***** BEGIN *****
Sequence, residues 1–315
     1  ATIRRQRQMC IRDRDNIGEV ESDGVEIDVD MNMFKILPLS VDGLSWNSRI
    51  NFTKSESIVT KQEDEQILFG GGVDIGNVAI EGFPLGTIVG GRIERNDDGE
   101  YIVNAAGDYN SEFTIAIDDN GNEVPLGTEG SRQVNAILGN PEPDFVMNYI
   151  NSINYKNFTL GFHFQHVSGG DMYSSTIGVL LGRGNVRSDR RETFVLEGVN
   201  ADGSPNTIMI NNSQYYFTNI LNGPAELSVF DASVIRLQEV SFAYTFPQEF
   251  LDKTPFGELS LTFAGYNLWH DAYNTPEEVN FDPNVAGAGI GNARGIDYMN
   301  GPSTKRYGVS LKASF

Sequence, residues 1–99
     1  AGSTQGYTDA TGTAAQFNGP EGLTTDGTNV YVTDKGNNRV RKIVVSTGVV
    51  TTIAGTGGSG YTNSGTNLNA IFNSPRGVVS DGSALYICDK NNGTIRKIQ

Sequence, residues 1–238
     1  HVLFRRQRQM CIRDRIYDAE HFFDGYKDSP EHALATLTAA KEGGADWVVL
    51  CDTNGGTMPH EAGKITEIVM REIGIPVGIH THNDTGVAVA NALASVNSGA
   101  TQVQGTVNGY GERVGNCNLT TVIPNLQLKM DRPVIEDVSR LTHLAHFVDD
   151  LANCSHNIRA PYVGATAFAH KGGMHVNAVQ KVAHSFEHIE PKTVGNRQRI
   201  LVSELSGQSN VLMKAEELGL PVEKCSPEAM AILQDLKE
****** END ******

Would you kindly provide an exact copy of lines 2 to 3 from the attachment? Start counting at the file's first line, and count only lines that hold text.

     1  ATIRRQRQMC IRDRDNIGEV ESDGVEIDVD MNMFKILPLS VDGLSWNSRI
    51  NFTKSESIVT KQEDEQILFG GGVDIGNVAI EGFPLGTIVG GRIERNDDGE